THERAPIST AND CLIENT DIFFERENCES OVER RELIGION Although mental-health treatment is a secular professional activity, it impinges directly on issues, beliefs, and behaviors that carry religious prescriptions (Bishop, 1992). Some of these issues include sex, abortion, divorce, women’s role, the meaning of life, and death. Thus, religious issues are never far from the surface, despite efforts by both parties to avoid them. Despite their claims of neutrality, mental-health professionals typically conceptualize coping and changing differently from religious clients. The four conceptual models presented by Brickman et al. (1982) illustrate these differences. The models result from combining self versus nonself attributions about

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the cause of one’s problems with self versus nonself attributions about their solution. Religions typically follow the moral model, which blames persons for their problems but nonetheless expects them to solve them, or the enlightenment model, which also blames persons but considers them powerless to solve them without the intercession of a holy, powerful other. In contrast, mental-health professionals follow models that relieve the person of blame. The medical model favored by psychiatrists (and some other mental-health professionals) focuses on biological causes and solutions but requires the professional intercession of a scientific clinician. The compensatory model favored by most other mental-health professionals attributes problems to persons’ pasts and seeks to empower clients to master their problems in the future. One has a problem not because of willfulness but because of having been in a stressful environment that did not promote effective coping skills. Therapy provides the supportive experience needed to acquire such competencies, possibly supplemented by pharmacological treatment of chemical imbalances. Therapists are likely to agree with the statement that ‘‘while there is much that we do not know, humans are responsible for what we are or will become. No deity will save us; we must save ourselves’’ (American Humanist Association, 1973, p. 3). Thus, the therapist and religious client typically begin their relationship with very different expectations and goals. Religious clients may be preoccupied with their guilt and worthlessness, whereas the therapist believes in their personal worth and wants to put the past to rest and begin planning for a better future. For example, Jehovah’s Witnesses believe that God provides them with their mental health and that only He can help them overcome personal obstacles (Bishop, 1992). Thus, as Carroll (1993) found, such individuals would be most likely to use prayer and meditation to help them overcome a problem such as alcoholism. For the therapist, in contrast, the solution involves changing, loosening, or finessing certain religious attitudes or beliefs. Psychiatric treatment offers a less threatening alternative: The problem is construed as a disorder of human nature and the solution is provided by a physician with expertise in curing such disorders. Although religion has a high allegiance among the public, mental-health professionals are not nearly as religious as their clients. According to the 1997 Yearbook of American and Canadian Churches (as cited in Koenig, 1998), hundreds of millions of individuals in the United States report belonging to a religious group such as Christianity and Judaism. Poll results (Gallup, 1993) show that approximately 40% of Americans report going to church or synagogue in the last 7 days. Results from that same poll reveal that 55% of Americans believe that religion is very important in their lives and that 30% believe is religion is fairly important. Among psychiatric patients aged 20 – 89, 80% consider themselves to be a religious or spiritual person (Fitchett, Burton, & Sivian, 1997). In contrast, psychologists and other mental-health professionals are more likely to be nonbelievers or not to practice religion seriously (Bergin, 1991; Bergin & Jensen, 1990). More recent research has shown that 50% of psychologists state that they have no religious preference, compared to 7% of the American public (Shafranskee, 1996). Thus, in addition to the difference in models of coping noted above, there are differences in therapists’ and clients’ attitudes about religion. Therapists’ views about religion influence how they perceive and behave towards religious clients. In a cautionary study by Gartner, Harmatz, Hohmann, Larson, and Gartner (1990), over 350 clinicians, with mostly liberal left-wing views, rated two similar case histories. The two cases differed only in whether the patients were identified as belonging to an extreme religious or political group. Clinicians felt less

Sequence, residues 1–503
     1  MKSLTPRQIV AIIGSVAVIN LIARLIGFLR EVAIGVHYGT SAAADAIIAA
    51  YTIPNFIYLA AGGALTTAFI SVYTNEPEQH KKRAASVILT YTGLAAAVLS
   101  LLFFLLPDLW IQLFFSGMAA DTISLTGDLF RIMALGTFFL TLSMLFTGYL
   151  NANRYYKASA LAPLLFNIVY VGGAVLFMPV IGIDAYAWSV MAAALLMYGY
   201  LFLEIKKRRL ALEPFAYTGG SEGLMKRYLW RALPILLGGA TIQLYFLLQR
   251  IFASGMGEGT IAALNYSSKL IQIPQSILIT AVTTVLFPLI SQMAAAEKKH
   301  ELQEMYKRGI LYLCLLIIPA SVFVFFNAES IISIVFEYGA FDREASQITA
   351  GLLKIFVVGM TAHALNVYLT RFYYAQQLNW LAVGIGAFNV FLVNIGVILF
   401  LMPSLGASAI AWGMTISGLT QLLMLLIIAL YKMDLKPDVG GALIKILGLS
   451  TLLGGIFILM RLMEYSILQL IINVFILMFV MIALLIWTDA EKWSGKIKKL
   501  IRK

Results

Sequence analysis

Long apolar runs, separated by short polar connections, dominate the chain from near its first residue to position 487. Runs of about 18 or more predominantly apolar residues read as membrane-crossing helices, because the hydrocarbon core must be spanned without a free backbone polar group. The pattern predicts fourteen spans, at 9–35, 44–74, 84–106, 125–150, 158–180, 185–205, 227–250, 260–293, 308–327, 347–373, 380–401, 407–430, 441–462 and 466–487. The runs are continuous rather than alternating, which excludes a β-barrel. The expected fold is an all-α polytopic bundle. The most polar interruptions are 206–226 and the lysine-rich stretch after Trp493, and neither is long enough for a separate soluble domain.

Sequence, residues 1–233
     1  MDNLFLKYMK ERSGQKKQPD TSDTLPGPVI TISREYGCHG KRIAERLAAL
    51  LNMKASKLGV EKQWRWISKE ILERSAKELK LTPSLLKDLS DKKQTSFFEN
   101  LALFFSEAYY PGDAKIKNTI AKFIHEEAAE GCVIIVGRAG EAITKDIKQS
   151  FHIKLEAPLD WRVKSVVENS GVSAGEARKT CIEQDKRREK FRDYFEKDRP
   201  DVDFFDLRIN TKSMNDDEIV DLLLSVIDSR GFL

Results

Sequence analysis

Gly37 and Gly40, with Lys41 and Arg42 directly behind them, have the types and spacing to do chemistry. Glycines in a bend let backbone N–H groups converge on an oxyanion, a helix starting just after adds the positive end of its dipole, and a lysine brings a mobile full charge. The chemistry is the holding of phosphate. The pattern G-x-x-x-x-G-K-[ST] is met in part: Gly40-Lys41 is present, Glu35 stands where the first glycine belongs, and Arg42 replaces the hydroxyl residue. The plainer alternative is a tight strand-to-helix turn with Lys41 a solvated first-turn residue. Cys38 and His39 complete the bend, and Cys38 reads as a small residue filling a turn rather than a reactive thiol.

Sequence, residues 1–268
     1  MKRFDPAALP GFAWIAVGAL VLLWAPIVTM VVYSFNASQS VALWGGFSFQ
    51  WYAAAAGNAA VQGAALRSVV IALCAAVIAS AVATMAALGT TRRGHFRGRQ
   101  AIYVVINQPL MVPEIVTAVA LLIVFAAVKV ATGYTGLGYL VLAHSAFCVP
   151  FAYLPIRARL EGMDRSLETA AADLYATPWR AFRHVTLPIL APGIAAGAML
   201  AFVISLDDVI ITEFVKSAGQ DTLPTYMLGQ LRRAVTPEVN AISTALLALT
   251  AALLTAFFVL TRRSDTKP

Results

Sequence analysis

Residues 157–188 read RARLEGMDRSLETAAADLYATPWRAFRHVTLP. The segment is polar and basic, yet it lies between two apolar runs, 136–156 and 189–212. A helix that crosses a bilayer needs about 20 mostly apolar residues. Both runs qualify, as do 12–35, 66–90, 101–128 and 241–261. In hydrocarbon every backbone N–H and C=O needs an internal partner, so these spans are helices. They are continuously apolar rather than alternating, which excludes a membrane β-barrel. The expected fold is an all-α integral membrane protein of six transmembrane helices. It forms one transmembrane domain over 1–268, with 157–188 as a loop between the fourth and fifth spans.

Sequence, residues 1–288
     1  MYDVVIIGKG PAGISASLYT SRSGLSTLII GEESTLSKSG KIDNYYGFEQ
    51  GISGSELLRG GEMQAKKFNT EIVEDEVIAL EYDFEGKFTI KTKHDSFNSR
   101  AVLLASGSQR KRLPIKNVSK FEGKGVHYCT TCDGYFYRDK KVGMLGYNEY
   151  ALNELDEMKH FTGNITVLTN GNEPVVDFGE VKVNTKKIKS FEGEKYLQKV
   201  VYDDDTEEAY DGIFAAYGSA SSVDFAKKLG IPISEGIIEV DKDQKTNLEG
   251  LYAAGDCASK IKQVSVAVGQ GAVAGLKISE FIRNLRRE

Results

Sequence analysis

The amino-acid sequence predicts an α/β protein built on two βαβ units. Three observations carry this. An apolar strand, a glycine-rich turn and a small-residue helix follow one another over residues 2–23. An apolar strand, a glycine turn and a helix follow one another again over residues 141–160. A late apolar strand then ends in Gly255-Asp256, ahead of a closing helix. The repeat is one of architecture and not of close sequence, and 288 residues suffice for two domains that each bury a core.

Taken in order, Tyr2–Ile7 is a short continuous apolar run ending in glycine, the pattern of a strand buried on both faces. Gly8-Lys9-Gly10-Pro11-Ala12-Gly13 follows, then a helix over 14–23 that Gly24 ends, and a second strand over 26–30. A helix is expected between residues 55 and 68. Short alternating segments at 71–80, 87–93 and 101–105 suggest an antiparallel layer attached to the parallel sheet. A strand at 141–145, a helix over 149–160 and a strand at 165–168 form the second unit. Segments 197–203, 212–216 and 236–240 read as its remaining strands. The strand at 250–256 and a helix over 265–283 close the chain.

D. A. Carone, Jr. and D. F. Barone